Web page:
There have always been lots of real estate scams but for our purposes the story starts in the 1970’s. There was a recession in the early 70’s (or something that looked remarkably like one). An average house in Seattle could be purchased for $15,000, due in large part to local economic problems. This was followed by a period of inflation and breathtakingly high interest rates.

The inflation encouraged people to sell their real estate profitably, but the high interest rates prevented many people from getting loans to buy real estate. These pressures created an era of seller financing. The buyer would give the down payment to the seller and make monthly payments to the seller with an agreement to pay the purchase price off in full in three to five years, when financing could be obtained. This sort of arrangement was commonplace.

The buyer got the house and with it the obligation to pay payments to the seller and the obligation to continue to pay the seller’s mortgage. The buyer could assume FHA loans but usually the buyer just agreed to make the payments for the seller after the sale. The malevolent instincts that had been somewhat suppressed by federal laws in the area of securities sales were revived in this situation.

All sorts of bad things happened. Crooks would buy homes with faulty seller financing documents so sellers could not foreclose if they were not paid by the buyer, while at the same time they remained obligated on the mortgage which the buyer might choose not to pay. Companies were formed that bought real estate on seller financing, then just stripped the property of everything of value and left the barren property for the sellers to foreclose upon.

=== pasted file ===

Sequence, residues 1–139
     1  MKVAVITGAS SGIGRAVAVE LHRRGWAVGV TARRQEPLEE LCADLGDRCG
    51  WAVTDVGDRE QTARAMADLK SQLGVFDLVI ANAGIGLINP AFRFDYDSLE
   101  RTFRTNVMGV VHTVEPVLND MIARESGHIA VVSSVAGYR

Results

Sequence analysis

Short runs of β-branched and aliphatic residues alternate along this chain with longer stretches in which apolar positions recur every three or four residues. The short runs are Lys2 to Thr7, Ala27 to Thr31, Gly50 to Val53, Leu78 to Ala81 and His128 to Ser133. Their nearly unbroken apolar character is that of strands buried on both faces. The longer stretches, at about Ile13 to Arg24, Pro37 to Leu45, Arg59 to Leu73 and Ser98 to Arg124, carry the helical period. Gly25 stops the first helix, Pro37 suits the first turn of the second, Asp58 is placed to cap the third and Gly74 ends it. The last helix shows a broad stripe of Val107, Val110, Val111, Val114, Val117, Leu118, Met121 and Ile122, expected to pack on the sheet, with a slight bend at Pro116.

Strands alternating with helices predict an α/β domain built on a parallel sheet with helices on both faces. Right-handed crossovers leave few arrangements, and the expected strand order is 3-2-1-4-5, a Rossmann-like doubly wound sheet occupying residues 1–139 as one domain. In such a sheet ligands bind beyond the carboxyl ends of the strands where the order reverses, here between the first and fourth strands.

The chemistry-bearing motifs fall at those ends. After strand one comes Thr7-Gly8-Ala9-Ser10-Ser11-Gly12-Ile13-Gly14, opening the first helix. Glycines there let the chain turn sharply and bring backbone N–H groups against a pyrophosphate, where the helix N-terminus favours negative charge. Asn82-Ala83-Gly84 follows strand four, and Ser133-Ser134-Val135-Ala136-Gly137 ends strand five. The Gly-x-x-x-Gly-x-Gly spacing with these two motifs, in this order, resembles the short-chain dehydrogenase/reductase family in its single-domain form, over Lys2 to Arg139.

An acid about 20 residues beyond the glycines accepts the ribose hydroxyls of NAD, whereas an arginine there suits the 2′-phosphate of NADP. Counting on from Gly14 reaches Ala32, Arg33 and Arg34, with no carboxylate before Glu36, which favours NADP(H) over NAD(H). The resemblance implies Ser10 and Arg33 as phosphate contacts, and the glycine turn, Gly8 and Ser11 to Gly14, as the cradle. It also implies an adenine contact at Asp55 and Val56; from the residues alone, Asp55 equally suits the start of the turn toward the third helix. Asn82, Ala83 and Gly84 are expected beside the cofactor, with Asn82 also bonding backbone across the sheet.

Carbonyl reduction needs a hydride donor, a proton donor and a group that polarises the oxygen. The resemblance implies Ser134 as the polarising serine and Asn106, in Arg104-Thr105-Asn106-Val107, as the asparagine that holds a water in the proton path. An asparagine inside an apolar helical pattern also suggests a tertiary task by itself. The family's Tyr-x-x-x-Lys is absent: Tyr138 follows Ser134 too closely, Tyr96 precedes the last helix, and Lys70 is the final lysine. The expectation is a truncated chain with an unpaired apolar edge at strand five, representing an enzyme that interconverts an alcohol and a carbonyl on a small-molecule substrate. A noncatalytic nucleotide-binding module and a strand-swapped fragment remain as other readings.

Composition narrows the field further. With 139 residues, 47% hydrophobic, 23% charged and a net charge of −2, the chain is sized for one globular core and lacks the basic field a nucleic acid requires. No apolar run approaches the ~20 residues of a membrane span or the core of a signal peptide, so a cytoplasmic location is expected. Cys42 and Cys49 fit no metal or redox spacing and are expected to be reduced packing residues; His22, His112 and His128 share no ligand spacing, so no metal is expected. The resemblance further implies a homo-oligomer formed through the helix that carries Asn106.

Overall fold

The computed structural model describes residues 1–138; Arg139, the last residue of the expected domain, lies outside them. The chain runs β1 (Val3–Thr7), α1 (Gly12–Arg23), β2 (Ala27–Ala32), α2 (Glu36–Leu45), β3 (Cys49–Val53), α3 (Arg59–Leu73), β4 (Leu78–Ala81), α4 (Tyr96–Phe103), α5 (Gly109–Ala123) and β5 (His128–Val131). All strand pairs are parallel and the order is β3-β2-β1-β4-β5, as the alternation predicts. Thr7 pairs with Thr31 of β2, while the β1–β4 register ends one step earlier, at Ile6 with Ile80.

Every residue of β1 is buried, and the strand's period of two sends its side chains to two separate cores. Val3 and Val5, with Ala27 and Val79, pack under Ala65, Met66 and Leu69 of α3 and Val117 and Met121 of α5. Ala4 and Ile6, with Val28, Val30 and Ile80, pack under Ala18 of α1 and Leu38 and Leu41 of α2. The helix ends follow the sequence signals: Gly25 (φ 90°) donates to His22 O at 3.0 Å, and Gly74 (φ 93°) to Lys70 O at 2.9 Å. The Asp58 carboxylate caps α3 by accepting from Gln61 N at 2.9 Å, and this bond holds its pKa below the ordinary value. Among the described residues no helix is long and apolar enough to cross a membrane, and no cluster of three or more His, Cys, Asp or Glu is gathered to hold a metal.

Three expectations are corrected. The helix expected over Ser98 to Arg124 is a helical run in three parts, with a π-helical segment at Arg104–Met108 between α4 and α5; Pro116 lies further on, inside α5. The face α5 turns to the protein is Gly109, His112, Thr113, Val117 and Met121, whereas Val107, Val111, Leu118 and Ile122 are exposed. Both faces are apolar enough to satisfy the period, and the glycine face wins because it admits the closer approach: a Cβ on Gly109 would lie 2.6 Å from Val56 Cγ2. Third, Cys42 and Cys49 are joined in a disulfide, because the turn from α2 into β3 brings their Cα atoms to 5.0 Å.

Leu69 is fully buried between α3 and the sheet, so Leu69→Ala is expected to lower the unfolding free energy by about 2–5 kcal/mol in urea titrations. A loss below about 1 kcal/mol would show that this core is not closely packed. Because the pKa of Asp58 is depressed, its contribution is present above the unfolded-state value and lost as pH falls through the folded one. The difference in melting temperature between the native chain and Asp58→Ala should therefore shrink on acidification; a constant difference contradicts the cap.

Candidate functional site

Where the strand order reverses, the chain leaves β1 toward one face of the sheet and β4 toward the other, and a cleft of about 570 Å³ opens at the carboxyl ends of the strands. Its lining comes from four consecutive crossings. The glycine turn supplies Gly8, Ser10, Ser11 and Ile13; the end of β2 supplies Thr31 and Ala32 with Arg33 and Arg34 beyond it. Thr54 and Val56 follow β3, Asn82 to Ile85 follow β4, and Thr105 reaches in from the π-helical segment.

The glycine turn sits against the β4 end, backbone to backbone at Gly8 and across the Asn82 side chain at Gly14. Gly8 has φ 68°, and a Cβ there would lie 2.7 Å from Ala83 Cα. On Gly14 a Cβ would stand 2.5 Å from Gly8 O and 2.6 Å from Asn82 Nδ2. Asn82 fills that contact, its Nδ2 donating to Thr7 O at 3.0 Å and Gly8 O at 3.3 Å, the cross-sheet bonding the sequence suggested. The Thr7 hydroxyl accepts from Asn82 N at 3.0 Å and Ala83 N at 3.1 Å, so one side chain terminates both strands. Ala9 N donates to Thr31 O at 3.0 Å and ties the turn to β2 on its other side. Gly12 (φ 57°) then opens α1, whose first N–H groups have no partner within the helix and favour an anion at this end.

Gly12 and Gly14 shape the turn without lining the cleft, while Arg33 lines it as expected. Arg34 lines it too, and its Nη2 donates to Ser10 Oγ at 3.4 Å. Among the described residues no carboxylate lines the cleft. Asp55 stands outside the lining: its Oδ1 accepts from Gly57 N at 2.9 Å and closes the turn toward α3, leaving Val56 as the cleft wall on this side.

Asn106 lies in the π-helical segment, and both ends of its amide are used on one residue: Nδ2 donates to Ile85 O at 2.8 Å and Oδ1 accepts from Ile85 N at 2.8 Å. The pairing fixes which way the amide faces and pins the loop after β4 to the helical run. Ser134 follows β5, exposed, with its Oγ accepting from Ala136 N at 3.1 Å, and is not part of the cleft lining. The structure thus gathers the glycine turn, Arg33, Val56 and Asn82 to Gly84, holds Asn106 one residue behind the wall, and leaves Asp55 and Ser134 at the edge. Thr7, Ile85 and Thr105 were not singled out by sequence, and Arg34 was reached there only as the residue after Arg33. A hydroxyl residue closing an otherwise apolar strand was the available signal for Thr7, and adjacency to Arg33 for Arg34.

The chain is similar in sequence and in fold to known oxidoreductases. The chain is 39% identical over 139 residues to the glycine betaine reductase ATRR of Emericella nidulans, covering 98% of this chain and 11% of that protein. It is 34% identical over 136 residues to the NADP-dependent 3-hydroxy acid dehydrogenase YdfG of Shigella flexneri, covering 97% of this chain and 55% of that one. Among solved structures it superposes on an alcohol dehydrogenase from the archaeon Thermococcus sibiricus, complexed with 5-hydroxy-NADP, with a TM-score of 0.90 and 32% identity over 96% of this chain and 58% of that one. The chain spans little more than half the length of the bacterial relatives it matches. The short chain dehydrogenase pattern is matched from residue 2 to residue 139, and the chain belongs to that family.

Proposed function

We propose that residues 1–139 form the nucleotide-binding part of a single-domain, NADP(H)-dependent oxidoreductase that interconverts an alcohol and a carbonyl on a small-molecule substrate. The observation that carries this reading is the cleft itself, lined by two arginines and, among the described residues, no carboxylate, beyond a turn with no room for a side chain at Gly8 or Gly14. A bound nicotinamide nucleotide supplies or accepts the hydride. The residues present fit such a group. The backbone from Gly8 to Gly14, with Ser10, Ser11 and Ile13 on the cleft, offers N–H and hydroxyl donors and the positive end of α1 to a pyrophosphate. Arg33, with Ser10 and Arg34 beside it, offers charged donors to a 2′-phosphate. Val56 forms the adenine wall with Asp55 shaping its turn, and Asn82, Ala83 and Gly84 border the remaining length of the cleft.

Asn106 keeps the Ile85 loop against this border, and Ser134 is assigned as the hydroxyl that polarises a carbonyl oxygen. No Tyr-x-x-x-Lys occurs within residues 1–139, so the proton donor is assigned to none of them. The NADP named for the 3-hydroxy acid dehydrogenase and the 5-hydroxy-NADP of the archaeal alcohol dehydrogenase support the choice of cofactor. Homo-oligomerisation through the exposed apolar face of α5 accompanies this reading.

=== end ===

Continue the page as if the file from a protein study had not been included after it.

Seller financing deals could be structured to protect the seller, but there is always a portion of the population that does not consult a lawyer before entering into a transaction of this sort. It is this group around which financial vultures circle.

There was nothing of the magnitude of the massive systematic fraud of recent years, so the legislature was relatively slow to address the problem of equity skimming. In 1988 Washington passed a law that criminalized equity skimming and declared it to be a violation of the Consumer Protection Act. The forward to the bill states in part:

The legislature finds that persons are engaging in patterns of conduct which defraud innocent homeowners of their equity interest or other value in residential dwellings under the guise of a purchase of the owner’s residence but which is in fact a device to convert the owner’s equity interest or other value in the residence to an equity skimmer, who fails to make payments, diverts the equity or other value to the skimmer’s benefit, and leaves the innocent homeowner with a resulting financial loss or debt.

Financial institutions had their hands full in the 1980’s. Seafirst Bank, the biggest bank in the Northwest was going bankrupt until it was purchased by Bank of America. Other big banks swallowed smaller ones into the nineties. Two of the biggest Seattle banks, Peoples Bank and Old National Bank, were bought by U.S. Bank of Oregon and merged into U.S. Bank of Washington. This activity seemed to occupy attention much more than occasional fraud on homeowners.